Ted Grimsrud—Peace Essays #B.8
[Paper presented to the Bible, Theology, and Postmodernity group, American Academy of Religion annual meeting, Chicago, November 10, 2008]
This paper comes out of my interest in Christianity and violence, focused especially on biblical and theological materials that point toward ways of overcoming violence. The biblical story often portrays violence and injustice having roots in idolatry. Trusting in things other than the creator God who made all human beings in the divine image leads to a diminishment of the value of some human beings—a prerequisite for injustice and violence. Torah, the prophets, and Jesus all emphasize the centrality of loving the neighbor as part of what it means to love God above all else.
The struggle against idols characterizes the biblical story from the concern with “graven images” in the Ten Commandments down to the blasphemies of the Beast in Revelation. Certainly at times the battle against idols itself crosses the line into violence and injustice. However, for my purposes here I will assume that those accounts stand over against the overall biblical story. When anti-idolatry takes the form of violence, a new idolatry has taken its place. In Walter Wink’s terms, our challenge is to seek to overcome evil without becoming evil ourselves.
I would like to suggest that we find in the biblical critique of idolatry perspectives that are important, even essential for responding to the problems of violence in our world today. If we use violence as our criterion, we could say that whenever human beings justify violence against other human beings they give ultimate loyalty to some entity (or, “idol”) other than the God of Jesus Christ.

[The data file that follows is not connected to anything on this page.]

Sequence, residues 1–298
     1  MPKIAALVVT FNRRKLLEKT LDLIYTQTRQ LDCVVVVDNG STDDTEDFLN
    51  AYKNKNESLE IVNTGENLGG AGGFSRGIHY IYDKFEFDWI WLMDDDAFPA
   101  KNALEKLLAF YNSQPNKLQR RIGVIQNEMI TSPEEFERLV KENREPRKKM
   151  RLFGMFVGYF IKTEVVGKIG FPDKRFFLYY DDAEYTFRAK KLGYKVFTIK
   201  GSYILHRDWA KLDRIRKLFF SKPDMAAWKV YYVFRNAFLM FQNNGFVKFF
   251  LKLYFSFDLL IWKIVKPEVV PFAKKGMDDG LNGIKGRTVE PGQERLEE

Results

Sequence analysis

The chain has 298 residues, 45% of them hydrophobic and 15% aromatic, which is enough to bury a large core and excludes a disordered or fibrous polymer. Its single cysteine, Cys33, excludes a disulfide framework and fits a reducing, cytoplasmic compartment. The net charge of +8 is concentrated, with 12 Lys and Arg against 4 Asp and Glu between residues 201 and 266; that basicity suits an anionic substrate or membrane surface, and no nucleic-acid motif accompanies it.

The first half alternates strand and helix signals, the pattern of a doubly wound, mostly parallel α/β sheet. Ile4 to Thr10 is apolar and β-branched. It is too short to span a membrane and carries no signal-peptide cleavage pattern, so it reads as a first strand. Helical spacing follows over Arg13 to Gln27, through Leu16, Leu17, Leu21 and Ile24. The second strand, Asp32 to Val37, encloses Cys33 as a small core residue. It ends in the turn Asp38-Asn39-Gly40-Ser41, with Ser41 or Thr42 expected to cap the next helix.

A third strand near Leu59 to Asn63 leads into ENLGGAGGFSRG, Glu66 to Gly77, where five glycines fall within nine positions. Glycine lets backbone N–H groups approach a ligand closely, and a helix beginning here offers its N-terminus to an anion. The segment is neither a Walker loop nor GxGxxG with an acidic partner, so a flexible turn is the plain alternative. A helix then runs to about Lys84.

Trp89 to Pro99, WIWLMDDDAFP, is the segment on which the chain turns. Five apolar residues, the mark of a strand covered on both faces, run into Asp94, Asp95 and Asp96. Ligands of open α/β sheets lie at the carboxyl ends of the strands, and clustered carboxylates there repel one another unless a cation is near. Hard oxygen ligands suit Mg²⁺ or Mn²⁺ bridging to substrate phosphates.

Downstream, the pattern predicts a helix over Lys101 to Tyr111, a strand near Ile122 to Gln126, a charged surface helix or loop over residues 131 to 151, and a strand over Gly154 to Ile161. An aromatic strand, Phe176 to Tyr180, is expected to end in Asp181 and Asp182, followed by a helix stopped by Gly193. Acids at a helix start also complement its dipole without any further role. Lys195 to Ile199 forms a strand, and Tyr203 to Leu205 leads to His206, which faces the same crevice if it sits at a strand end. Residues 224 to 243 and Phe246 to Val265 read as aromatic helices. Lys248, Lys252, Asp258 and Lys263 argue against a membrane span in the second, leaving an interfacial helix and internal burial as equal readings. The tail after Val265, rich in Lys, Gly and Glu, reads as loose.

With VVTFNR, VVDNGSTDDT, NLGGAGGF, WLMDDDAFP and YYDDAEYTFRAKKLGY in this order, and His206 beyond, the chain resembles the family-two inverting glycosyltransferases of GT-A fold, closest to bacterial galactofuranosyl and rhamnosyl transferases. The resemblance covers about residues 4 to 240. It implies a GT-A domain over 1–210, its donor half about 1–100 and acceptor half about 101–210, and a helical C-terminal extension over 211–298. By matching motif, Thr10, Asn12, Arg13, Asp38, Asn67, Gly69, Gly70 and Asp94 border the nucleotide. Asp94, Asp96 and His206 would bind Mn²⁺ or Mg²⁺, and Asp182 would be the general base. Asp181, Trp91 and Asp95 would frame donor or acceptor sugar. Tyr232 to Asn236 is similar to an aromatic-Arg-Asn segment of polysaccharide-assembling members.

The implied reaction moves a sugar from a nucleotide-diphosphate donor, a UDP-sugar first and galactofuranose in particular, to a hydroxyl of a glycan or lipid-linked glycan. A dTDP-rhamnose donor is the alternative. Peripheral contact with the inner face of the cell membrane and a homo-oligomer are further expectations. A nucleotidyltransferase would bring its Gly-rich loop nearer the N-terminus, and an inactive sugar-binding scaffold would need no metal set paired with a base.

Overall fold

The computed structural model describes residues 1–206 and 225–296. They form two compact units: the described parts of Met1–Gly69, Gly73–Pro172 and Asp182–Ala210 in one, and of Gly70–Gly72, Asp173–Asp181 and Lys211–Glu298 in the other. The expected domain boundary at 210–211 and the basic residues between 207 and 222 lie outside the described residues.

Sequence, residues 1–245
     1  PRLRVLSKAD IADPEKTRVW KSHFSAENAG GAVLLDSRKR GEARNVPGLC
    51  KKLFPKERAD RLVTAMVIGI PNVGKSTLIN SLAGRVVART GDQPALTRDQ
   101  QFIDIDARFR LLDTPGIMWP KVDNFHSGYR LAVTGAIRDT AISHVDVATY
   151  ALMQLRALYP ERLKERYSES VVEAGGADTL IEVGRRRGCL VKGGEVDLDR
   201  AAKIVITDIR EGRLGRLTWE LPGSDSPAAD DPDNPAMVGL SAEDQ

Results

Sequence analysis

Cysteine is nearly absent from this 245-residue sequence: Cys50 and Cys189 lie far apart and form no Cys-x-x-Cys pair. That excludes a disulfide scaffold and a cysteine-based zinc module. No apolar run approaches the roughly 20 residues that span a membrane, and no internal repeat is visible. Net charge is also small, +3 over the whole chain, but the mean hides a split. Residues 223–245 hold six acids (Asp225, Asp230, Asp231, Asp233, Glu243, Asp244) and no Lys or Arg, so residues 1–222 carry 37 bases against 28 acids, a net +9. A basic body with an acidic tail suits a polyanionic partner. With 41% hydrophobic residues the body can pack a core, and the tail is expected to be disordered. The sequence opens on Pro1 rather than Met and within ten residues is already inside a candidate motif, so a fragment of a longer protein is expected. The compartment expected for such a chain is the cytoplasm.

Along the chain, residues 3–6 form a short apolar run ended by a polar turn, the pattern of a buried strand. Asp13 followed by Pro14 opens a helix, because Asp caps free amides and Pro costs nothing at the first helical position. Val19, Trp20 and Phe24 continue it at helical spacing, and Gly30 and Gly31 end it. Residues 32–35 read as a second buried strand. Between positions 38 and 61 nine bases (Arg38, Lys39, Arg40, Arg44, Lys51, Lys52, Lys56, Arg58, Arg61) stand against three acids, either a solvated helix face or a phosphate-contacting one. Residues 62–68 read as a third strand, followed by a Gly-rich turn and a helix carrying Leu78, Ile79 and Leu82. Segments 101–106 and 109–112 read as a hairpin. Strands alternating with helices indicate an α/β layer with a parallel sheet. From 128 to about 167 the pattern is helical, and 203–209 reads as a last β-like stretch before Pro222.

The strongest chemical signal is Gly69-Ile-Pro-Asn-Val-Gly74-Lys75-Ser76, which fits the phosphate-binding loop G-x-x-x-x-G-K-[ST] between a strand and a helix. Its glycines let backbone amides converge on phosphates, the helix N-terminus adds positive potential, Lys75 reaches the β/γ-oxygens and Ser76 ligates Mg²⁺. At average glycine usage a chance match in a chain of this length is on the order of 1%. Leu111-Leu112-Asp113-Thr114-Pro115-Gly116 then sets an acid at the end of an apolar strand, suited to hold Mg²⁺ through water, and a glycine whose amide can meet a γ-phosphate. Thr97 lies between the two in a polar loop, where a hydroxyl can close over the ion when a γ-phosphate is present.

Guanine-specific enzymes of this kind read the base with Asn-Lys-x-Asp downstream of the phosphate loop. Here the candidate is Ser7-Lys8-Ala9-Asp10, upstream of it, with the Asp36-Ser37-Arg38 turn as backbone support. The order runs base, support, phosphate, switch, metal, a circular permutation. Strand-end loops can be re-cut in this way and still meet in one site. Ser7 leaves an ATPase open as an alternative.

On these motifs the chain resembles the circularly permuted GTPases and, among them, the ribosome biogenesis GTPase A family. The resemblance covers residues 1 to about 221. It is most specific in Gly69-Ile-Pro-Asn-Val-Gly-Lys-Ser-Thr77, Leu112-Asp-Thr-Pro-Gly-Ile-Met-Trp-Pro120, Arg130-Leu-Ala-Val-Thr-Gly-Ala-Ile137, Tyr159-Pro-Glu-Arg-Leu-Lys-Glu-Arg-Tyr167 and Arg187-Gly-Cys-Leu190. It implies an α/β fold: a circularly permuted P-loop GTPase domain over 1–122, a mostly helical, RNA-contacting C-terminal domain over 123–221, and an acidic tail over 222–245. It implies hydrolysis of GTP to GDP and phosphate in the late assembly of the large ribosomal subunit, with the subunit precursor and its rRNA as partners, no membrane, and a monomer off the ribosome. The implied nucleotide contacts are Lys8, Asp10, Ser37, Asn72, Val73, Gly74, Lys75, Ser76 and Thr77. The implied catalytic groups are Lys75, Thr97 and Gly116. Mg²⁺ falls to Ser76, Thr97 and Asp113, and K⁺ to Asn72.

It could well be that forces that underwrite violence today—loyalty to warring nations, labeling those outside our religious or ethnic circle as less than fully human, placing a higher priority on gathering wealth than on social justice—are contemporary versions of the idolatrous dynamics that biblical prophets condemn.
In the first three chapters of his letter to the Romans, Paul offers an analysis and critique of idolatry that I believe remains useful today. Paul takes on two types of idolatry. First, he criticizes what I will call the idol of lust in the Roman Empire that underwrites violence and injustice. And, second, he critiques the claims of those (like Paul himself before he met Jesus) who believed that loyalty to the Law requires violence in defense of the covenant community.
Our present-day analogs of the forces Paul critiques—nationalism, imperialism, religious fundamentalism—all gained power with the rise of modernity in the Western world. The much-heralded turn toward post-modernity may offer a sense of awareness to help us break free from such totalisms that foster so much violence in our world. These various “’isms” all have been thrown into question in popular consciousness.
This task of resisting demands for ultimate loyalty unites biblical prophets (including Paul) with present-day Christians seeking to further life in the face of death-dealing violence. Modernity did not create death-dealing idolatries so much as give them new impetus. The task of breaking bondage to the idols of injustice that Paul engaged in remains ours today. Continue reading